“Belo Horizonte” means beautiful horizon in Portuguese, which is fitting for its magnificent landscape. When the city was first built, it was planned to house only a few hundreds of residents. No one ever expected that it would grow to have more than 5 million inhabitants. Unlike São Paulo, Rio de Janeiro and Brasília, tourists often overlook Belo Horizonte as a travel destination. That means those who venture out to Belo Horizonte gain unique experiences that most visitors don’t know exist.
Belo Horizonte, Brazil’s “Bar Capital.”
Belo Horizonte is the capital of Minas Gerais state, but it is also known as Brazil’s “bar capital.” The city has more than 14,000 bars for locals and tourists to choose from, which makes Belo Horizonte’s nightlife extremely animated. This is the ideal setting for people who don’t necessarily have tickets to the World Cup games in the Mineirão Stadium (Estádio do Mineirão), but want to celebrate with some of the world’s most spirited fans.
Sah-oo jee is how to pronounce “saúde” or “cheers” in Portuguese, which is a handy word to know when celebrating the World Cup games and its motto “all in one rhythm” in Belo Horizonte. With thousands of bars to choose from, how is a first-time visitor supposed to know where to go? Luckily, some local experts have tried and tested each and every bar. During the month of April, the city holds an event called the “Comida di Buteco” (pub food) competition where judges and the public cast votes on bars for different categories. People who are unfamiliar to this area can limit the search of bars to explore based on beer coldness and even types of “tira-gosto” (appetizers) to accompany your beer.
Food and Drink Specialties in Beagá
Belo Horizonte is nicknamed “Beagá” for the way its initials “BH” sound in Portuguese. Beagá has various delicious restaurants where you can taste the traditional flavors of the city. Locals and visitors occasionally wander to the Central Market (Mercado Central) to venture into the 400 food stores available for people to purchase fresh produce, cheeses, pastries and sugar cane liquor, also known as cachaça. Belo Horizonte is most known for its cheese, which is why visitors must try the Pão de queijo, Brazilian gluten-free cheese bread. Other local favorites that visitors can’t leave Belo Horizonte without tasting are:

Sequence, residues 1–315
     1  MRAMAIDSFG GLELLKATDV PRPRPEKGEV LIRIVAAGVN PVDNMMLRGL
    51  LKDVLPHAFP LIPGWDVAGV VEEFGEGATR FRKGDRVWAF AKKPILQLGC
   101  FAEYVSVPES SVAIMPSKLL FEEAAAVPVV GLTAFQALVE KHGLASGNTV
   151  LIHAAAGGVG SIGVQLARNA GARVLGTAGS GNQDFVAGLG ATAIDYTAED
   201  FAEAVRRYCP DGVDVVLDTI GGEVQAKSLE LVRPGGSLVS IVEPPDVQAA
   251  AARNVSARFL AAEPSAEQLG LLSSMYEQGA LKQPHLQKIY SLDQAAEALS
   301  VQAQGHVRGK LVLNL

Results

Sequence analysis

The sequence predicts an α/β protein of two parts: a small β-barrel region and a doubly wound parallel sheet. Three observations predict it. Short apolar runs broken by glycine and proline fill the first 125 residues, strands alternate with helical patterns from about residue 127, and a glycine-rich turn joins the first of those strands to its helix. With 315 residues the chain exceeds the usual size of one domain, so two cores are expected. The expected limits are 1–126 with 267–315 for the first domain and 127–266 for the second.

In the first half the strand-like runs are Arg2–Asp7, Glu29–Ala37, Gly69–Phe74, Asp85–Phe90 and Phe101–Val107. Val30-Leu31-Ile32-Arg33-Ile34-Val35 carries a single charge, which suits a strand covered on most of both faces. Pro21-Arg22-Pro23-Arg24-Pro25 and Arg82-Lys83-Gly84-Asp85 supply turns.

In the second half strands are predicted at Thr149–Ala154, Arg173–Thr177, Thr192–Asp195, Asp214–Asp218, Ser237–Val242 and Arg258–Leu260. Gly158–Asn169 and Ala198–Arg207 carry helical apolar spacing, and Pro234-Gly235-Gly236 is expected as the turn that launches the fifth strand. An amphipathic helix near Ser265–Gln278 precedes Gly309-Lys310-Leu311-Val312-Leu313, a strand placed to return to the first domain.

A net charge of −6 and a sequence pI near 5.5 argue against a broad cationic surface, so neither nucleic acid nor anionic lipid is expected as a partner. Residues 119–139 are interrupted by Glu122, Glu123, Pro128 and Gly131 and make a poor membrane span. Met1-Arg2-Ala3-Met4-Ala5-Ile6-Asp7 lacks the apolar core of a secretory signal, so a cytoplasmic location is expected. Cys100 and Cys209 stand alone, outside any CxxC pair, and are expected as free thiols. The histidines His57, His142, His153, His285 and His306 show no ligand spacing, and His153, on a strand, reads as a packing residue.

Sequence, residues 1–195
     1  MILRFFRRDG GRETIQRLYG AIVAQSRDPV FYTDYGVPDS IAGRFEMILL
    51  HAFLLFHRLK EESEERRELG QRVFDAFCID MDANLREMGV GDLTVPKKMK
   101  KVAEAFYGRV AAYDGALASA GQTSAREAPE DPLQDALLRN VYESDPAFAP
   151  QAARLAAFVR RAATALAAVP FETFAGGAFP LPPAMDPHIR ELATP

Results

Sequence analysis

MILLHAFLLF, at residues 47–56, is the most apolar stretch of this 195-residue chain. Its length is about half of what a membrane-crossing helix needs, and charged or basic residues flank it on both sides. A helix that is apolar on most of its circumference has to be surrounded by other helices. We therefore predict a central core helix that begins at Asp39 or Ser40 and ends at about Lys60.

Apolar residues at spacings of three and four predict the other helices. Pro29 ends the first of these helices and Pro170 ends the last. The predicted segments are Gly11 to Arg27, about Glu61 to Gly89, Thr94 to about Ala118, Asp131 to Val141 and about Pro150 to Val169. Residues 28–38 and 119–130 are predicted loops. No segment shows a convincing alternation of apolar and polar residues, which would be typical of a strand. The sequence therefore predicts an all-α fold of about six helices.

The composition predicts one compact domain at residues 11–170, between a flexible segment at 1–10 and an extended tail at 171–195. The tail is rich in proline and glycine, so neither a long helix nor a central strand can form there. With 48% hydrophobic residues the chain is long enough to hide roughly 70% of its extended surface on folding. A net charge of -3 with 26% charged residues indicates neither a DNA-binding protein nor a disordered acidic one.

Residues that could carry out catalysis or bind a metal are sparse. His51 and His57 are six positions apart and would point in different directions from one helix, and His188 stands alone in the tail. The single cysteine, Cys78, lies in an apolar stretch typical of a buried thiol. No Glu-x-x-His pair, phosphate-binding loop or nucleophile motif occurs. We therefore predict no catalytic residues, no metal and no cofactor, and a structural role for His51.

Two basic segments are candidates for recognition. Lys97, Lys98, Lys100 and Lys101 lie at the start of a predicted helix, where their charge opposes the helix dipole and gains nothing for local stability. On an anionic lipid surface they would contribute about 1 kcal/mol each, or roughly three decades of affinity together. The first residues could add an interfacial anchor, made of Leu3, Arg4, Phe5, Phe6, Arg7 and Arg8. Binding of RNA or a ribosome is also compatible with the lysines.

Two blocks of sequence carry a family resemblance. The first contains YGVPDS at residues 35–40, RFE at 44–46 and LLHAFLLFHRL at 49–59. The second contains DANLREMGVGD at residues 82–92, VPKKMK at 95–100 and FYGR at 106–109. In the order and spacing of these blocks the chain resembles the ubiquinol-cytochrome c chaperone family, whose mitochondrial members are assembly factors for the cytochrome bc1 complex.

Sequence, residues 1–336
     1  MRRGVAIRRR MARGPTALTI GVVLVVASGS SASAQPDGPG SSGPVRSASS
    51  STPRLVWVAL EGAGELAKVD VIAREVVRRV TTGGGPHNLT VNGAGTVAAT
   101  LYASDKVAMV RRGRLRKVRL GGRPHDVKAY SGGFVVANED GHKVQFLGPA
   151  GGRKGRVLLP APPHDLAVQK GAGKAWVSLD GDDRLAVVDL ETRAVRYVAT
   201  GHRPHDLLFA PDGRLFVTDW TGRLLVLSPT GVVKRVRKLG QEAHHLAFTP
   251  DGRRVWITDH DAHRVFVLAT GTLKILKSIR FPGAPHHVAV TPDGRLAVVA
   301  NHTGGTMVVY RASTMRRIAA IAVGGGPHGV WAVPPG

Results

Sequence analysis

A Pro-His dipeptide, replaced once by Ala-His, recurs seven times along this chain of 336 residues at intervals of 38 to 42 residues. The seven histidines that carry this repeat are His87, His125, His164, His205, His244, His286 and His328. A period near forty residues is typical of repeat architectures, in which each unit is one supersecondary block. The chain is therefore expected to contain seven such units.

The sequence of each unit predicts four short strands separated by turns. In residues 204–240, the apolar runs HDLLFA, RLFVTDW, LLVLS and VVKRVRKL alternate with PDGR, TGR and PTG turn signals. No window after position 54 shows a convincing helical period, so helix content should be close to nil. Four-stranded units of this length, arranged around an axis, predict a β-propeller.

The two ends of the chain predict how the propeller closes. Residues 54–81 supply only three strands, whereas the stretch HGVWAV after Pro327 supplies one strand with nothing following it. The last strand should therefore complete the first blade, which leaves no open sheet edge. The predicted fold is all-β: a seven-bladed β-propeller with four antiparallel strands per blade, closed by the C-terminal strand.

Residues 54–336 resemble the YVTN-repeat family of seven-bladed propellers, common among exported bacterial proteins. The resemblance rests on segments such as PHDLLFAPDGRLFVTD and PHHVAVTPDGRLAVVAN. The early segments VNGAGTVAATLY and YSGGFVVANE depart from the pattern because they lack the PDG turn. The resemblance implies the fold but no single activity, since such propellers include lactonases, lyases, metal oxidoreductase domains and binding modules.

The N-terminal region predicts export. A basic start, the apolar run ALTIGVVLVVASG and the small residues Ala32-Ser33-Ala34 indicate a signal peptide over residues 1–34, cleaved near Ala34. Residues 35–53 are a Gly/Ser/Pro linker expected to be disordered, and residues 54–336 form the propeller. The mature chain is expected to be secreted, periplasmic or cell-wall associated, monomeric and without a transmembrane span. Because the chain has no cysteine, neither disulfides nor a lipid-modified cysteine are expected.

- Porco assado – Brazilian-style pork ribs
- Tutu de feijão – A dish of black beans, pork sausage, garlic, onions, tomatoes and manioc flour
- Bife ensopado – Flavorful steak stew with vegetables
- Feijão tropeiro – A bean casserole with sausage, peppers and bacon
Guests can never go wrong selecting cachaça or caipirinha as their drink of choice while in BH, but there is also a wide selection of local and international beers offered in most bars. Going to “botecos” or bars are not only a nighttime affair — they are also open during the day for people who are out and about in the Mercado Central.
The city’s unique cultural landmarks reside around Pampulha, a man-made lake that extends 12 miles. This is where the Church of São Francisco de Assis in Pampulha (Igreja São Francisco de Assis), the eye-catching blue and white building that is usually associated with Belo Horizonte, is found. The church was a collaboration of some of the most skilled and well-known Brazilian professionals who followed the architectural design of Oscar Niemeyer. The church has curves resembling mountains where people would usually see straight lines. This building represents the unique, signature style of Niemeyer. Another Niemeyer-inspired building is the Art Museum of Pampulha (Museu de Arte da Pampulha), which was originally built to be a casino in 1946, but was later transformed into a museum in 1957. Since then, the museum has provided the public with approximately 1,600 masterpieces by several Brazilian artists. Nearby, the Pampulha Architectural Complex (Conjunto Arquitetonico da Pampulha) surrounds the lake and holds the Mineirão soccer stadium, Mineirinho gym, a zoo and an amusement park.
Local Artists and Creative Minds
The people of Belo Horizonte are not only friendly, but they are also very forward-thinking. Palace of the Arts (Palácio das Artes) is a large multicultural center full of concert venues, theater halls, a cinema, library, newspaper archive and music archive where people can experience what Belo Horizonte is all about. The Museum of Mineiro (Museu Mineiro) has a permanent collection of baroque artists Aleijadinho and Ataíde’s masterpieces, as well as additional works of local contemporary artists on exhibit. Visitors traveling with children are recommended to tour the Toy Museum (Museu dos Brinquedos) where there are 700 toys on display that date as far back as the 19th century. If guests are looking to do some local shopping, the Mineiro Handicraft Centre (Centro de Artesanato Mineiro) is the place to go for unique, handmade souvenirs, including lace, embroidered carpets, sculptures, paintings and ceramics made from local artisans. Afterwards, join locals at the Park of Mangabeiras (Parque das Mangabeiras), designed by Roberto Burle Marx, where people can walk around and enjoy the many species that inhabit the park. The park is an impressive 716 acres, and is full of trails, sporting equipment and a playground.
– By the Brazilian Tourism Board (Embratur)
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